12 Dec Globeone at the German Marketing Day
Globeone at the German Marketing Day – There couldn’t be a more fitting motto: Last week, 800 marketing and communication professionals met under the motto #marketing_getting_smarter for the 45th German Marketing Day in Hannover. Marketing and communication are becoming increasingly data-based & smart and are concentrating on cross-functional teams to deliver powerful and compelling digital messages. Hence, the day’s agenda was mainly addressing digital and data-driven case studies & keynotes.
Rebecca Snell, LEGO’s DACH region marketing manager, emphasized impressively how the physical world of building bricks is blending in with the digital world: “Kids don’t differentiate between the physical and the digital play”, she called out to the guests.
At the same time, she provided some evidence for her statement: During one new product launch, children & parents uploaded 4.5 million own LEGO co-creations to the campaign platform, fans can now vote and decide on new products themselves, augmented reality enables us a quick look into the packaging before buying and Alexa reads out stories about personalized Duplo-toys to the children. Even toys are inevitably becoming part of the Internet of Things.
At the German Marketing Day, Hyperloop’s CEO Dirk Ahlborn took the audience on a 1,200 km/h journey. According to him, travelling in the tempo capsule will replace planes and trains one day. The first concrete routes are being planned and in 3 years we will be able to convince ourselves of the implementation. Meanwhile, there is also a first project development in Germany with the port of Hamburg. Nonetheless, the mills here in Germany grind much slower, Ahlborn points out. While one will soon be able to travel in tunnels at sonic speed in China and Abu Dhabi, it will probably take half an eternity for us in Germany to travel from Hamburg to Frankfurt in 30 minutes due to the slow processes here.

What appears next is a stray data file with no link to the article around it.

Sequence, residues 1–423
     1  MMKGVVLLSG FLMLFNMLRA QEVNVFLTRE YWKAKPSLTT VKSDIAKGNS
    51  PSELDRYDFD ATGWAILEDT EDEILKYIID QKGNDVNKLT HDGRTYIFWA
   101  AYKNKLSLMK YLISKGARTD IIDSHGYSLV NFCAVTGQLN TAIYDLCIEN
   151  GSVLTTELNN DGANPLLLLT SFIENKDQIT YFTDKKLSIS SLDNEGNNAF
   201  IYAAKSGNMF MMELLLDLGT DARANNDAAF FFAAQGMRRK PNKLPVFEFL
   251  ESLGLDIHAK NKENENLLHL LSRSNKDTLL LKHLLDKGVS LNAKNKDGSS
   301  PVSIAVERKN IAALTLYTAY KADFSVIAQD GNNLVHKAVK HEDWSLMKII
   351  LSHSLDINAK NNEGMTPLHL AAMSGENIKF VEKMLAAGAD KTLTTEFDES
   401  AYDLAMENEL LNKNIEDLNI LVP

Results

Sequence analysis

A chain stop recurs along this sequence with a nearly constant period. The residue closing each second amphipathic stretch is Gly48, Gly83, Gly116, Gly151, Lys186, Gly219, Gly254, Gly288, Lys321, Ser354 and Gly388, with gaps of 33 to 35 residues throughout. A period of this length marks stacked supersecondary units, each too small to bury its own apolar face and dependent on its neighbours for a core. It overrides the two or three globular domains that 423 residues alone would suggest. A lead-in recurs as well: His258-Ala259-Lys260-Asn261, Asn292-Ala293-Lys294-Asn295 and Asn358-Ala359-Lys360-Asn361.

Michael Hartwig, the Managing Partner of Yext in Europe, warned about the extremely low level of data understanding when it comes to our own data online. Google, Siri and Alexa are becoming more and more powerful. Notably, already 73% of the highly relevant traffic passes the company websites via search engines, navigation services, directories, language assistants and chatbots. With businesses not able to influence the User Interfaces and the AI-based algorithms in the background, there only remains the option of optimizing your online reputation by means of an “SEO Renaissance”. The question is: How do we build a database comparable to a neuronal system with all brand and product relevant information optimally filling up Google, Alexa & Siri? Digital Knowledge Management (DKM) is the magic word.
Deutsche Bank CMO Tim Alexander indicates in his presentation that people can only process and record 0.00000001 per cent of their information inflow. Thus, he pleads for intensive listening to develop an exact understanding of the role and the small moments in which a brand is truly relevant for the customer. Claims like “I already know what the customer wants” are by no means acceptable nor good enough anymore. He, therefore, looks out for professional listeners, idea labs, a process organization instead of a classic organizational structure and a content desk with an overarching editorial plan. His current motto for the bank which is having rough times: “If we stand with our backs to the wall, then we can only take a step forward.”